Are Second Life EV batteries a game-changer for micro-grid owners and the grid?
Second-life electric vehicle batteries can reduce costs and provide environmental benefits to microgrid owners and utilities.
But getting them to work at a reasonable cost is not always easy.
Here’s what happens with electric vehicle batteries before they find new life: They are typically removed after about 10 years, leaving up to 80% of the capacity available for other uses, said AJ Perkins, president of Instant On, which provides micro-grids and nano-grids and is now working to include second life batteries in its projects.
Second-life batteries are particularly useful in stationary storage applications that require less frequent cycles (100 to 300 cycles per year). If they are not reused, they must be discarded or recycled, creating environmental challenges.
McKinsey estimates that compared to new batteries, second life batteries are 30-70% cheaper.
Multiple advantages of second use
Instant On is working with NICE America Research – an incubator for China Energy that is researching clean energy and other ways to move to a low-carbon economy – to test second-life batteries with three of the pilot projects of Instant On in multi-family homes, cannabis indoor grow facilities and a gas station micro-network.
âThe goal is to show the viability of using second life batteries because they will be cheaper than the ones we use in our first life batteries,â Perkins said.
Lowering capital costs for microgrids isn’t the only benefit of using second-life batteries in microgrids, Perkins said. Microgrid operators gain resilience, reducing utility costs and reducing greenhouse gas emissions.
Additionally, when used by utility customers, batteries can provide utility benefits.
“The other beneficiary will be the utilities as they will now have an asset on the customer site at the customer’s expense,” Perkins said.
By leveraging customer-owned microgrids, utilities will have access to electricity during demand response events when the microgrids become isolated from the grid during times of high energy demand. Utilities will also be able to use their customers’ batteries to soak up excess renewable energy, Perkins said.
“Utilities will have a virtual power plant for which they did not have to pay or allocate land,” he said.
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Microgrids that include second life batteries can also help delay investments in transmission and distribution assets. And users behind the meter can use the batteries to take advantage of power arbitrage opportunities by storing renewable energy for use during peak hours, which provides greater flexibility and grid tightening, Perkins said. .
âWe believe we can achieve these savings on CapEx and hope to prove it with these pilots,â he said.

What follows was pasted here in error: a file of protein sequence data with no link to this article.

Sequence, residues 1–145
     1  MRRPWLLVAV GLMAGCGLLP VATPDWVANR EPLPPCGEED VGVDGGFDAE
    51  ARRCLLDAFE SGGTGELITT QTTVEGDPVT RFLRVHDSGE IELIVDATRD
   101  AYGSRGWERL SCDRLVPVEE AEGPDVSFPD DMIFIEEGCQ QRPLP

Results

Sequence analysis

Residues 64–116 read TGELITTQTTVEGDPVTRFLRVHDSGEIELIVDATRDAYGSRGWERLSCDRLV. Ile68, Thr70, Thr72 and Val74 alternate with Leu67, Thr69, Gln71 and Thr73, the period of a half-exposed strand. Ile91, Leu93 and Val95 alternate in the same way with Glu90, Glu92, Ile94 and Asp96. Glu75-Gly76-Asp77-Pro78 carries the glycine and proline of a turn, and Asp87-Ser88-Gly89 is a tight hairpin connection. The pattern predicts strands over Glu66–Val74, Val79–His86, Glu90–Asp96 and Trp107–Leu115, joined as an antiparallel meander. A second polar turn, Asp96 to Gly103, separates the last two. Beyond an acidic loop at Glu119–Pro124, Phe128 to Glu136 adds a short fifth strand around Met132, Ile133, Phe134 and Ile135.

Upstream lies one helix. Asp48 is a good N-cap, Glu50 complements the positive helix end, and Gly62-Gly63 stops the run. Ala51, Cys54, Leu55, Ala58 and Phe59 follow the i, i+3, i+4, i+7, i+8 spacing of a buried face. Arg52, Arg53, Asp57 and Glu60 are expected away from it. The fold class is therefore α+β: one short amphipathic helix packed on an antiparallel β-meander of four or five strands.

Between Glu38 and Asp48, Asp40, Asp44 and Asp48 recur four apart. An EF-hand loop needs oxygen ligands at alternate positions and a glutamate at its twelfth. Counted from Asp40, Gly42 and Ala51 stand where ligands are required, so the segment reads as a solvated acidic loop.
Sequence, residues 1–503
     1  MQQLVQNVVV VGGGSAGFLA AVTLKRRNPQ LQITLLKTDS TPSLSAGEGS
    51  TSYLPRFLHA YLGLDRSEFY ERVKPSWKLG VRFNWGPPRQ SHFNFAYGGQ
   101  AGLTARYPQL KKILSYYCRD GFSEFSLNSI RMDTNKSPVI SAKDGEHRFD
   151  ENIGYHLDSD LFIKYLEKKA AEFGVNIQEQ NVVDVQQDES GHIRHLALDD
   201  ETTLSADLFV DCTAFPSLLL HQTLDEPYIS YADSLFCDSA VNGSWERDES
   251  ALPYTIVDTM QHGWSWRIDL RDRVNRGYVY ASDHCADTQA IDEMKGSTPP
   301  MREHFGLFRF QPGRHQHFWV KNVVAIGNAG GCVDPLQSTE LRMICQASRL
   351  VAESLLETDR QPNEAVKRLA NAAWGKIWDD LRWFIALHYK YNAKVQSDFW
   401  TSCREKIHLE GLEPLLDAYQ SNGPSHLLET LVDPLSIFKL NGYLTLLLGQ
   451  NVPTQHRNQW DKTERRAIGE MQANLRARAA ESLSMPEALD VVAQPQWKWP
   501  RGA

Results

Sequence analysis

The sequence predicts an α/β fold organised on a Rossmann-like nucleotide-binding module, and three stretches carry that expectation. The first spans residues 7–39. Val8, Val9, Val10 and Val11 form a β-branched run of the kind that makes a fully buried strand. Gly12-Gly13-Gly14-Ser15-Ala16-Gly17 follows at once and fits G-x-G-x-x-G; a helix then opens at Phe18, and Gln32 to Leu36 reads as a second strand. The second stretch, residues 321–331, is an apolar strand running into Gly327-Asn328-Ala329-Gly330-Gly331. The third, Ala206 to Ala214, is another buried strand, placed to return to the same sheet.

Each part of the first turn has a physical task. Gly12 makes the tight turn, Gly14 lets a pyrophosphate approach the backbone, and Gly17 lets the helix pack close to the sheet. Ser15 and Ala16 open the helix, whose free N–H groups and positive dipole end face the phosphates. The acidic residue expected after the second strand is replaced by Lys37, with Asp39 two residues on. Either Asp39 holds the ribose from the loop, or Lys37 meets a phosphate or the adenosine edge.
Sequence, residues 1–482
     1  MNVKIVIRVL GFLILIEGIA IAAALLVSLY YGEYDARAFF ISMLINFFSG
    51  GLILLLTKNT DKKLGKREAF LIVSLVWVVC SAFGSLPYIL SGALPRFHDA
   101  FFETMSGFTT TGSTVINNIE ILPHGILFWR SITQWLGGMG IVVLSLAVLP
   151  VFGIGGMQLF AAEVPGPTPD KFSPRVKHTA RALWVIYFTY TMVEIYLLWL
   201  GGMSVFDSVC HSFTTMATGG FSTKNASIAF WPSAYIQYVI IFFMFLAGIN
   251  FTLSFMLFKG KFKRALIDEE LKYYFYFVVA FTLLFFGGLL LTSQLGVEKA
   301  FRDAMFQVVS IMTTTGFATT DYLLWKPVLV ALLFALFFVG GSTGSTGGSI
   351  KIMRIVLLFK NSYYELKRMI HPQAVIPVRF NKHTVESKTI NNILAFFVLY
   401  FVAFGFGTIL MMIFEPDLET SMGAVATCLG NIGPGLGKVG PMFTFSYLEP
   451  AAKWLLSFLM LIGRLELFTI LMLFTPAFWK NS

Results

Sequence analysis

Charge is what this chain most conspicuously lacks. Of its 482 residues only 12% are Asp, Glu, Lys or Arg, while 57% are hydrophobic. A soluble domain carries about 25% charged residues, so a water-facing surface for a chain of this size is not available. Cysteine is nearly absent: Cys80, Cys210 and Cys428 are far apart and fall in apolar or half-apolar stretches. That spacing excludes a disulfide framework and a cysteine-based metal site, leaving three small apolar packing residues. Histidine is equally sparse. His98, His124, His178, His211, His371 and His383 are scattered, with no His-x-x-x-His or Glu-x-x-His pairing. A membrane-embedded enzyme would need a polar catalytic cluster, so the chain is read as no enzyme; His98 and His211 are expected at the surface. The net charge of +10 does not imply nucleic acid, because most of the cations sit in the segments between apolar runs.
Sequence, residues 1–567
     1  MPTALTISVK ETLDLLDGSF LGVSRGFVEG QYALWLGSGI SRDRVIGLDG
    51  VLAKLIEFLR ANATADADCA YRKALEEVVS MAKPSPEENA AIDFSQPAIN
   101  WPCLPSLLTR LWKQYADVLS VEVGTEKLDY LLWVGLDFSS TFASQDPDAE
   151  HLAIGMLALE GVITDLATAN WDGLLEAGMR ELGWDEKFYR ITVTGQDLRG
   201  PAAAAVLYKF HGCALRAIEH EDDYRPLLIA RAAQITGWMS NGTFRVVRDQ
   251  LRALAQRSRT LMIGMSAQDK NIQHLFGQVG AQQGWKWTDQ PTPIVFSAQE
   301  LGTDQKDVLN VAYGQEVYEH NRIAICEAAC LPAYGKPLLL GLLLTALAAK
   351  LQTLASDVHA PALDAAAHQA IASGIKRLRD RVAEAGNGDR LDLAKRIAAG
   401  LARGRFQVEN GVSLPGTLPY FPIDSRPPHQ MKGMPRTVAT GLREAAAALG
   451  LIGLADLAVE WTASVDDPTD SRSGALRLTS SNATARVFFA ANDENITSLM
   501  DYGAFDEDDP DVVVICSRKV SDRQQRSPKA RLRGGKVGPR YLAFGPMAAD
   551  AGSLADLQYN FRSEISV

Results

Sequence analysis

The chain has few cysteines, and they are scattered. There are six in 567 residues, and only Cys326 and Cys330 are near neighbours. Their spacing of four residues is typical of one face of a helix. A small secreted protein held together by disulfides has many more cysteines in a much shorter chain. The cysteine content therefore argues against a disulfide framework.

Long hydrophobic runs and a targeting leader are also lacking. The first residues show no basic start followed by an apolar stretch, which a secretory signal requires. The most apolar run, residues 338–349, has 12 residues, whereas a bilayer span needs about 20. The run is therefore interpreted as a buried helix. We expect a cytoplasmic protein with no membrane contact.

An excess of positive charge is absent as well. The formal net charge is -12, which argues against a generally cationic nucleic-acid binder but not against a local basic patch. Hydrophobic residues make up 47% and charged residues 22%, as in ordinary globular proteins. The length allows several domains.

Classification of second-life electric vehicle batteries
It may seem simple to acquire cheaper second-life electric vehicle batteries and implement them in microgrids. But there are challenges that need to be overcome before batteries can work their magic, said Surinder Singh, director of engineering and leader of the Center of Excellence for Energy Systems Solutions for NICE America Research.
The accepted health of a secondary-use battery is typically 70 to 80 percent, he said. They can have higher or lower health states.
A number of factors affect battery life and health, including the type of driver who drove the electric vehicle – aggressive or gentle – and the climate in which the vehicle has been driven. These factors can degrade batteries at different rates.
âIn second-use batteries, if you start with 300 watt-hours, after the batteries have reached their lifespan and gone out some might be 280 watt-hours and others 150 watt-hours. . Their performance tends to be limited by the less performing cells in the battery, âSingh said. Batteries are grouped into packs in electric vehicles, he explained.
One way to determine the health of the battery is to cycle it and give it a rating. These studies often involve the disassembly of the battery packs.
âClassifying them and estimating their state of health comes at a cost. You spend capital and labor to do it, âhe said. This can increase the cost of second life batteries.
NICE America Research has developed a less expensive battery rating and rating system. âThe key is how we can use the batteries without disassembly and reassembly. We are spending minimal resources to get a measure of health, âSingh said.
The company purchases used batteries and uses its second life battery technology to monitor and manage the characteristics of the battery. âOur management algorithm adjusts battery performance using actively monitored data,â Singh said.
The plan is to test NICE America Research’s technology with Instant On customers. NICE America will turn the efforts into a new company and bring the second-life battery technology to market in 2022.
âIt’s ready to go. We have to make it on a large scale; it’s ready for commercialization. But now we have to develop the supply chain and manufacturing,â Singh said.
The top priority is to use the second life batteries in the micro-grids on both sides of the meter with an emphasis on helping those who are subject to blackouts and blackouts for public safety, a Singh said.
âThis application has the highest potential impact on the network and utilities,â said Perkins. âIf a significant percentage of solar panels were to become micro-grids or nano-grids, that would be a game-changer. “
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